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Long Haul: Avoiding Air Rage And Keeping Your Cool


Avoiding Air Rage And Keeping Your Cool On Long Haul Flights

EATING your dinner on your lap; crossing your legs for eight hours as you don’t fancy climbing over the grumpy person next to you to go to the loo and having to wash someone else’s saliva out of the sink before washing your hands, are just some of the things we all put up when travelling long haul by plane.

For most people, long distance flying is tiring and at times uncomfortable, but while the majority of travellers manage to keep composed on even the longest flights, there are some for whom the frustration of their close quarters can get too much, leading to anything from irritability to all-out air rage.

Area leader for Flight Centre, Carlee McCaw, said for most people air travel is a means to an end and most people don’t particularly enjoy it, particularly frequent travellers or those on very long flights.

“As plane travel gets more sophisticated and aircraft are able to travel longer without stopping, passenger irritability and even air rage could potentially become more of an issue,” she said.

“Currently the world’s longest non-stop route is New York to Singapore at 18 hours and 32 minutes. Although overall journey time is reduced, this length of time in the air in one go will take its toll on even the most patient person.”

“However, there is a lot that travellers can do to make the journey more pleasant for both themselves and their fellow passengers around them.”

Flight Centre travel consultants from all over New Zealand have compiled their own guide to ‘plane etiquette’, designed to make travelling by air a more comfortable and pleasant experience for everyone:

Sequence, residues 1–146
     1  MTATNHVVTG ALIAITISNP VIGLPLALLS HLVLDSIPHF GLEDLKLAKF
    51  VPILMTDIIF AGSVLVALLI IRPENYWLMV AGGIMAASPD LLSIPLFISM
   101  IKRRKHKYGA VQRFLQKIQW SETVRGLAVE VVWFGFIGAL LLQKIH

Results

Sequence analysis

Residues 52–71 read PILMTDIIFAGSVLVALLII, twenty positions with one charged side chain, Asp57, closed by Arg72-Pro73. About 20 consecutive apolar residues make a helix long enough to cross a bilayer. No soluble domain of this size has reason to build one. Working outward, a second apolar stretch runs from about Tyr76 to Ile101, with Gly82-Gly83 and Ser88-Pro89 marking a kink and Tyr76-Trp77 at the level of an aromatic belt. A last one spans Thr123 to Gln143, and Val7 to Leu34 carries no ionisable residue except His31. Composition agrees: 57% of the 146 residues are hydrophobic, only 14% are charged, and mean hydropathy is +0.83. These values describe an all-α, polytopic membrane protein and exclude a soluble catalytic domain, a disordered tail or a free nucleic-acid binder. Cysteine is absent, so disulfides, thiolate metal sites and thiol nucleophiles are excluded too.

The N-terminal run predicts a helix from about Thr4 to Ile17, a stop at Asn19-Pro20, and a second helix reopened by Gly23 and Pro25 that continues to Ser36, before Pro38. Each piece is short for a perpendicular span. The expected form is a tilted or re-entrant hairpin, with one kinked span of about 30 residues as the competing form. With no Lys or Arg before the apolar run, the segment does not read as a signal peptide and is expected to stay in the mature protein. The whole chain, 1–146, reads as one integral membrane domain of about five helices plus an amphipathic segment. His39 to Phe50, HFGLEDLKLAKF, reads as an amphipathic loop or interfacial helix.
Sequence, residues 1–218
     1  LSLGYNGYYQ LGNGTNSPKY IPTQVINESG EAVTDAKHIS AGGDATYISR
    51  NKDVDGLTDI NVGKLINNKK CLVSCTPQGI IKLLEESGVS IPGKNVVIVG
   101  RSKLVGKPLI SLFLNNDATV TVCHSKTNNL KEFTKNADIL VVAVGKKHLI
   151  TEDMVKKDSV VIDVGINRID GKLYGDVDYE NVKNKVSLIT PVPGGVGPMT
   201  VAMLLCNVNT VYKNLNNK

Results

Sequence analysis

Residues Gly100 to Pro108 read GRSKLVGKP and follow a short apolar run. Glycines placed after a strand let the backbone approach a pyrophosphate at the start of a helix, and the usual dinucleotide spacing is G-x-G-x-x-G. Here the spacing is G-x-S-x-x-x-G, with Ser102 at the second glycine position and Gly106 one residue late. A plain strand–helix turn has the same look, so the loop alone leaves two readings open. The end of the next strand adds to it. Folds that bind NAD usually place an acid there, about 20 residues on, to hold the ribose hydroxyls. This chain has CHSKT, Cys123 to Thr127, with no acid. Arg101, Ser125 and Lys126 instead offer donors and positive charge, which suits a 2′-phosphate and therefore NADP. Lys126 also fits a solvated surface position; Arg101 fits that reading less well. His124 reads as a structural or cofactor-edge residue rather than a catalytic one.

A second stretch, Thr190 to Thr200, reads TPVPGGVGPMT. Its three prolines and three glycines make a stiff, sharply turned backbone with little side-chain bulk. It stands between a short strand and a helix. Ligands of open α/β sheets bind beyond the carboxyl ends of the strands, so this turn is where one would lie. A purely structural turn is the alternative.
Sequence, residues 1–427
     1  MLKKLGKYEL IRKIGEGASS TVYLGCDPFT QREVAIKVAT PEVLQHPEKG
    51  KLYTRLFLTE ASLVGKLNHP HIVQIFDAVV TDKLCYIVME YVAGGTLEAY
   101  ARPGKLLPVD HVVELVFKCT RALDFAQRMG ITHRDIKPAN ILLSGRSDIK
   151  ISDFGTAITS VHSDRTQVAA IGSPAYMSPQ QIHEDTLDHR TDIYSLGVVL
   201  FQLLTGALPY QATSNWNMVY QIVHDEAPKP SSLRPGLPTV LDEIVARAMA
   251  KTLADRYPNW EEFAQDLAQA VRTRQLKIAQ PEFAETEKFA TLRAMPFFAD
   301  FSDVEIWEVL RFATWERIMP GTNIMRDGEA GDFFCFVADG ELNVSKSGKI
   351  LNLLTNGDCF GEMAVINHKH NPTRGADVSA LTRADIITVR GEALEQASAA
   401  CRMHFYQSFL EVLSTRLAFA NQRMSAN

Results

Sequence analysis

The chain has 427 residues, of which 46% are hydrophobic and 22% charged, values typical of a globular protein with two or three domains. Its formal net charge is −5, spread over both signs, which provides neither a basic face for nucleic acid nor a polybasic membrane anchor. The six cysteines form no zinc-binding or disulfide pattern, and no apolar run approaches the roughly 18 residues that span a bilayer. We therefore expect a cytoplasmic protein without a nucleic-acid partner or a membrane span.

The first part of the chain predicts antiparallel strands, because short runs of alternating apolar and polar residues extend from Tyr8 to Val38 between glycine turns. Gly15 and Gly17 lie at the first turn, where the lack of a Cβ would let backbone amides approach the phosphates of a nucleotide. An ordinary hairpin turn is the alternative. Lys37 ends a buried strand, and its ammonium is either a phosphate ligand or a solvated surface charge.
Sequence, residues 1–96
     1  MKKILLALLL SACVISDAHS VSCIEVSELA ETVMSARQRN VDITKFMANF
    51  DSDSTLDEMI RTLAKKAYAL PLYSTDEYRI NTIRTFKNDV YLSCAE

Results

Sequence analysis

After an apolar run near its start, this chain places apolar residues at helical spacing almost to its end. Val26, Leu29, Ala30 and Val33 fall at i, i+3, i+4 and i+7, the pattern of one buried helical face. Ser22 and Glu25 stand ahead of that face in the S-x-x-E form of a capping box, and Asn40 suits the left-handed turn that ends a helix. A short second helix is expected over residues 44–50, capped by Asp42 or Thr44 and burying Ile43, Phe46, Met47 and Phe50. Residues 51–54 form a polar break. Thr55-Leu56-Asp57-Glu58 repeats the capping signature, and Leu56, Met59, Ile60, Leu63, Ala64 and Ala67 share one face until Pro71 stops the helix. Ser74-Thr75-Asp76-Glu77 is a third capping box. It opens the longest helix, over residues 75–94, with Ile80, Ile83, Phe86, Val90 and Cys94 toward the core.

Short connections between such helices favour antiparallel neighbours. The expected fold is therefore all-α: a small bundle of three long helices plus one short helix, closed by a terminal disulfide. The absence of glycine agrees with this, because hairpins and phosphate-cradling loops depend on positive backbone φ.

FLIGHT CENTRE GUIDE TO PLANE ETIQUETTE
• Remember to rinse the sink after washing your hands/brushing your teeth
• Put your seat in the upright position when eating
• Don’t hog the armrests. Airlines generally have 3 seats in a row before the aisle. If you hog both armrests the poor traveller in the middle will be very uncomfortable.
• Be careful not to splash water in the bathroom – most people take their shoes off on planes and wet socks can make the rest of the journey unpleasant. • Request an aisle seat if you’re a frequent loo visitor. Also watch your alcohol intake – drinking acts as a diuretic, making you visit even more often.
• Don’t be grumpy if someone has to clamber past you to go to the loo – we all need to go!
• Don’t get drunk. Obnoxious, loud and disruptive behaviour on an aircraft is viewed in a very dim light. You may find yourself in handcuffs, spending the night in jail instead of enjoying your well-earned holiday
• Remember the space in overhead lockers is limited, so try not to take loads of bags that take up more than your share. Airlines generally have limits on how much hand luggage you can take on the plane anyway (generally one small bag – excluding your handbag)
• When travelling with children be considerate of others. Sceraming or chair kicking children has been known to set some people off!
• Don’t obstruct the passage – the air hostesses will not be able to serve meals and drinks and passengers will be frustrated in their attempt to pass.

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